Swedish climate activist Greta Thunberg, 18, gave a blistering critique to a House of Representatives panel on Thursday, focusing on the country's fossil fuel subsidies.
Thunberg appeared virtually at the two-day Earth Day summit where the Biden Administration announced its pledge to slash U.S. greenhouse gas emissions in half by 2030.
Thunberg has become an international climate icon after delivering impassioned speeches to the United Nations and inspiring the largest climate change protest in history in 2019.
The activist began her statement by casting aside any attempt to educate the panel on why addressing climate change is an important issue because it's settled science and the ramifications are clear. "I'm not even going to explain why we need to make real, drastic changes and dramatically lower our emissions in line with overall, currently best-available science," she said.
Greta Thunberg Testfies Before Congress On Earth Day, Says US Is "The Biggest Emitter In History" www.youtube.com
She pointed out that the U.S. government is speaking out of both sides of its mouth when it comes to the environment. On the one hand, the U.S. has rejoined the Paris Agreement, and made a dramatic new pledge to reduce greenhouse gas emissions.
On the other hand, it also subsidizes fossil fuel companies — arguably the largest contributors to climate change — tens of billions of dollars every year.
"It is the year 2021. The fact that we are still having this discussion, and even more that we are still subsidizing fossil fuels, directly or indirectly, using taxpayer money is a disgrace," Thunberg told the committee.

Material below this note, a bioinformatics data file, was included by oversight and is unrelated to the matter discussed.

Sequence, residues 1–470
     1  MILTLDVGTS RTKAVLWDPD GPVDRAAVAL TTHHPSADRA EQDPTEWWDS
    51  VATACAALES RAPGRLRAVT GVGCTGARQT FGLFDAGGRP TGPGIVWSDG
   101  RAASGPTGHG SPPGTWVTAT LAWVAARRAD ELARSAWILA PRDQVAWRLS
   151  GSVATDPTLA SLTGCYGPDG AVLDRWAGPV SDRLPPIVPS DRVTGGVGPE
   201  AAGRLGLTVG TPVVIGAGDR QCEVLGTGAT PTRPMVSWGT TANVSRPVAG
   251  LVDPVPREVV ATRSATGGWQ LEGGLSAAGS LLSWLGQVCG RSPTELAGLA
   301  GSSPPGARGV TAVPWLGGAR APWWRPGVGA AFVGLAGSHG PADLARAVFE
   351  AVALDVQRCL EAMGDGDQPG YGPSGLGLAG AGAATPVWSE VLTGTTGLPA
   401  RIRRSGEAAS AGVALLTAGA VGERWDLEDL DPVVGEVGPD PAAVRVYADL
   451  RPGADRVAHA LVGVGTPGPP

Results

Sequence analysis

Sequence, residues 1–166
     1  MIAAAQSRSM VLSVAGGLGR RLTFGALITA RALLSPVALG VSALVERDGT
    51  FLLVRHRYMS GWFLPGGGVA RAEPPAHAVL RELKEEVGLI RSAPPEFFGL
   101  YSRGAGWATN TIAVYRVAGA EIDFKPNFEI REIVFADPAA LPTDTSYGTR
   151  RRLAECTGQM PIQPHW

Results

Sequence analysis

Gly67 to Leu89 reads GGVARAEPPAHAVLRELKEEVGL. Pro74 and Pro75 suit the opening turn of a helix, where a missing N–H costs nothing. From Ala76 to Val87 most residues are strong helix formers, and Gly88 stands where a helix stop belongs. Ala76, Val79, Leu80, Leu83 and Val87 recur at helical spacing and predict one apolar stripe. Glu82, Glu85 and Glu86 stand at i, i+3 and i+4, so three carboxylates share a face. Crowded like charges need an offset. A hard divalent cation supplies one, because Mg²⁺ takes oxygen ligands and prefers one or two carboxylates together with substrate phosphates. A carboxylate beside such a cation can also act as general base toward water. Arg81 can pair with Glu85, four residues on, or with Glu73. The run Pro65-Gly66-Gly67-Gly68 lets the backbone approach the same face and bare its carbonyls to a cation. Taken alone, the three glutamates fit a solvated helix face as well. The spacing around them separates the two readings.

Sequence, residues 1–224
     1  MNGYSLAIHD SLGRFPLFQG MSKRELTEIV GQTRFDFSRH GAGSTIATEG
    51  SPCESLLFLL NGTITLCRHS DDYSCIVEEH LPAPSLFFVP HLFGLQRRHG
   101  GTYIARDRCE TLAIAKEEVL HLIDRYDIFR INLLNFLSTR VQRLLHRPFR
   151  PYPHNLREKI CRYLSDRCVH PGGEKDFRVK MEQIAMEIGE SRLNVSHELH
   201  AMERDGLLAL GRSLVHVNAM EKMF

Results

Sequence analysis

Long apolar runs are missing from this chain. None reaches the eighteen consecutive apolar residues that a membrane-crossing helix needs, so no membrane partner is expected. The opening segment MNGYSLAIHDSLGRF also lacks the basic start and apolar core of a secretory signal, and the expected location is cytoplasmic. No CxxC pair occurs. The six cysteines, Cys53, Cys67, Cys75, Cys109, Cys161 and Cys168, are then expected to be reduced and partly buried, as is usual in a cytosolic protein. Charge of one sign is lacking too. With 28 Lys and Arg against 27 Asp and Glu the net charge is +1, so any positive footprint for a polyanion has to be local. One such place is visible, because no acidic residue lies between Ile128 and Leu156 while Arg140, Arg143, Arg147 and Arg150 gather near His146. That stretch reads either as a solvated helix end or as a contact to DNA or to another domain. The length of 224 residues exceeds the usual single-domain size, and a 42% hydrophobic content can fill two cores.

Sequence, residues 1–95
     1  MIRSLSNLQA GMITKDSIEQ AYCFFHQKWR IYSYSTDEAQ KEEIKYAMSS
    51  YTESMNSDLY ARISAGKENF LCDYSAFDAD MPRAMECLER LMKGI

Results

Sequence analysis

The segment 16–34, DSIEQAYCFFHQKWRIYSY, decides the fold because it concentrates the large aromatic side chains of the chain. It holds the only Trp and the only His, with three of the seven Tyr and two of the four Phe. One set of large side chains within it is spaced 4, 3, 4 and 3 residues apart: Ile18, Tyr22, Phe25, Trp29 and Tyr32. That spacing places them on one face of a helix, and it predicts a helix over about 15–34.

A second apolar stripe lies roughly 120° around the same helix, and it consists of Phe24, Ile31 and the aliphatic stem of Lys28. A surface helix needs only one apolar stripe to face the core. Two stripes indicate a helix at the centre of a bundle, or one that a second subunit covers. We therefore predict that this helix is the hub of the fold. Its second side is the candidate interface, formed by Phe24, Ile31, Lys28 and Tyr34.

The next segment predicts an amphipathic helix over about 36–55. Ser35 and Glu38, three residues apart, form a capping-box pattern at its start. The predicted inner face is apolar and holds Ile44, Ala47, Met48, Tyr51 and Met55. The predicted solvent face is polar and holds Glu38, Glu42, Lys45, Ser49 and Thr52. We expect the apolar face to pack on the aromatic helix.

The U.S. government has subsidized gas, coal, and oil for decades, a report by Greenpeace found that the direct subsidies amount to around $20 billion a year. A recent report by Forbes found that in 2020, the fossil fuel industry received $30 billion in subsidies and direct pandemic relief.
Matthew Kotchen, economist from Yale University, said that if fossil fuel companies in the United States were made to pay for the real environmental and health costs of their products, it would set them back around $62 billion a year.
"Fossil fuel companies benefit in a big way because prices currently do not reflect the environmental and social costs associated with the production and consumption of fossil fuels,'' Kotchen said.
"A change would really affect their bottom lines, and this study estimates how much," he continued.
Thunberg reiterated the fact that the U.S.'s actions aren't aligning with the overall goals of the Paris Agreement. "The gap between what we are doing and what actually needs to be done in order to stay below the 1.5-degree celsius target is widening by the second," she said.
One of the main goals of the Paris Agreement is to prevent the planet from warming an additional 1.5 degrees celsius. According to NASA, should the Earth warm an additional 1.5 degrees Celsius, it will experience droughts, heatwaves, water-stress, extreme precipitation, loss of biological species, and biome shifts.
She ended her statement with a warning.
"So, either you do this or you are going to have to start explaining to your children and the most affected people why you are surrendering on the 1.5-degree target," Thunberg said. "Giving up without even trying."
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